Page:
the wing

Fishing in the Southern Ocean: scientists call for a moratorium

On October 20, in the journal Science, ten scientists called for the signing of a moratorium temporarily banning industrial fishing activities in the Southern Ocean. Their recent studies indeed confirm that the current levels of fishing, added to global warming, have devastating effects on these waters, which are nevertheless essential to the planet.

“The Southern Ocean disproportionately absorbs carbon dioxide and heat from the planet, helping to regulate temperature and buffer the global impacts of climate change,” said Cassandra Brooks, lead author of the report and researcher at the Institute. University of Colorado Boulder. It is home to some of the healthiest marine ecosystems in the world, of remarkable scientific and ecological value.

Today, however, twelve countries continue to draw on the precious resources of this marine region. Antarctic krill, caught for processing into fishmeal for farmed salmon and shrimp, and toothfish, a premium product served in the United States, Europe and Asia, are the two species targeted by large fishing companies.

In the absence of indigenous peoples or local fishing communities, these activities therefore benefit very few people. On the other hand, they pose a considerable threat to the food chain in the Southern Ocean. “This localized depletion has significant consequences for predators, including visiting whale populations, which are still recovering from historic depletion,” the report adds. Due to direct competition on these hotspots, in 2021 the krill fishery accidentally killed three juvenile humpback whales for the first time. »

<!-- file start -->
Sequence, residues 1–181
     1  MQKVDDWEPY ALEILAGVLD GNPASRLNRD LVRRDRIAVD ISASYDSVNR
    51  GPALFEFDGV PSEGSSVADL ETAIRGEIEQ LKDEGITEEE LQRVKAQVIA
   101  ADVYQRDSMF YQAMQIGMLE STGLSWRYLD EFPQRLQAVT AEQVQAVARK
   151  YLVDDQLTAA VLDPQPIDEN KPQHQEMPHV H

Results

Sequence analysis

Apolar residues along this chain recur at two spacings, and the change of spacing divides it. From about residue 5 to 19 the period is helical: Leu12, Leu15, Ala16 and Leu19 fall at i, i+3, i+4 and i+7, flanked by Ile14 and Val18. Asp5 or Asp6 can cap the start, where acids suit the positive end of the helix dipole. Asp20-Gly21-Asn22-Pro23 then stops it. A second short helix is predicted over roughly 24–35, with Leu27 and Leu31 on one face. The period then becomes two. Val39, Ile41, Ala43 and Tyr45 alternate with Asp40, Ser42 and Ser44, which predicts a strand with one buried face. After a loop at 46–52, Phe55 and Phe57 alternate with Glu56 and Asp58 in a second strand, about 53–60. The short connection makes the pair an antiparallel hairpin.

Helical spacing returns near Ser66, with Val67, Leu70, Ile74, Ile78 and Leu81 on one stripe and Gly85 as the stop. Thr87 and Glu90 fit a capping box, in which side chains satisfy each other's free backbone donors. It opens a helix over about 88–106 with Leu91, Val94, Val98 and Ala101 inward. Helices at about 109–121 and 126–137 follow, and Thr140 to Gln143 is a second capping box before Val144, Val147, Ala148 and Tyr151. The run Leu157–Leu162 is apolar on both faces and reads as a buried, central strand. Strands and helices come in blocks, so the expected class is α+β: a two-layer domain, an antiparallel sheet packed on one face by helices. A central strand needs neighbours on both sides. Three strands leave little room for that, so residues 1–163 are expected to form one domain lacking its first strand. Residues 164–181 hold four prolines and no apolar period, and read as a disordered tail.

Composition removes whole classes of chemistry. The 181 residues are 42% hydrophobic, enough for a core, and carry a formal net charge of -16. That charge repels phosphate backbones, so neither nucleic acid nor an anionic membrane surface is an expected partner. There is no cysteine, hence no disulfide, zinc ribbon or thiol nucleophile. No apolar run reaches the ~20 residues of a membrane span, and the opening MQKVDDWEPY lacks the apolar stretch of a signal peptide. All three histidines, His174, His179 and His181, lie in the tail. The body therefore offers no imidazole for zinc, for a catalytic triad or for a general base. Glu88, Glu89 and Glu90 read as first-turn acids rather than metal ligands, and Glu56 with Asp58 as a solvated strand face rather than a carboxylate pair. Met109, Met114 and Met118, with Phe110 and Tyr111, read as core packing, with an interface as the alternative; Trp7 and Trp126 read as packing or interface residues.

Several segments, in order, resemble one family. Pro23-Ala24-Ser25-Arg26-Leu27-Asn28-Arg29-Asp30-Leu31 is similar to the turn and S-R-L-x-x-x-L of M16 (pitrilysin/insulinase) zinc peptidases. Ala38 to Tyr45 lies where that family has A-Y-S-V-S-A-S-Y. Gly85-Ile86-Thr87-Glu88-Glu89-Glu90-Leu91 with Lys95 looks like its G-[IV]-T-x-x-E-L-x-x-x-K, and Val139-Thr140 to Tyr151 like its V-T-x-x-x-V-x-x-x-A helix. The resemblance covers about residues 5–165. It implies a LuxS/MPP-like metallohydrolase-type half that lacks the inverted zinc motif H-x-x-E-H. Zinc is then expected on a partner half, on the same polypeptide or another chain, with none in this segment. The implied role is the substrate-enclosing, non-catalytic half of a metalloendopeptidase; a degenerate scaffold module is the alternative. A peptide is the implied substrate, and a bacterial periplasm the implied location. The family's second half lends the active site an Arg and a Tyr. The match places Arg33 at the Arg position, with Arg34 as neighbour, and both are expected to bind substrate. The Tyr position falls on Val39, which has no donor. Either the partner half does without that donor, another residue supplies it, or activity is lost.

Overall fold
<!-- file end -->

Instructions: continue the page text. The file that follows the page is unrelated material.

The call from these scientists comes at a time when diplomats from the Convention on the Conservation of Antarctic Marine Living Resources (CCAMLR) are meeting in Australia for a fortnight of discussions. Established in 1982 by an international convention, its mission is to preserve the marine life of the region in the face of the growing interest of industrial fishing. Will she hear this alert? One thing is certain, in 2016, it had already managed to adopt the largest marine protected area (MPA) in the world, in the Ross Sea.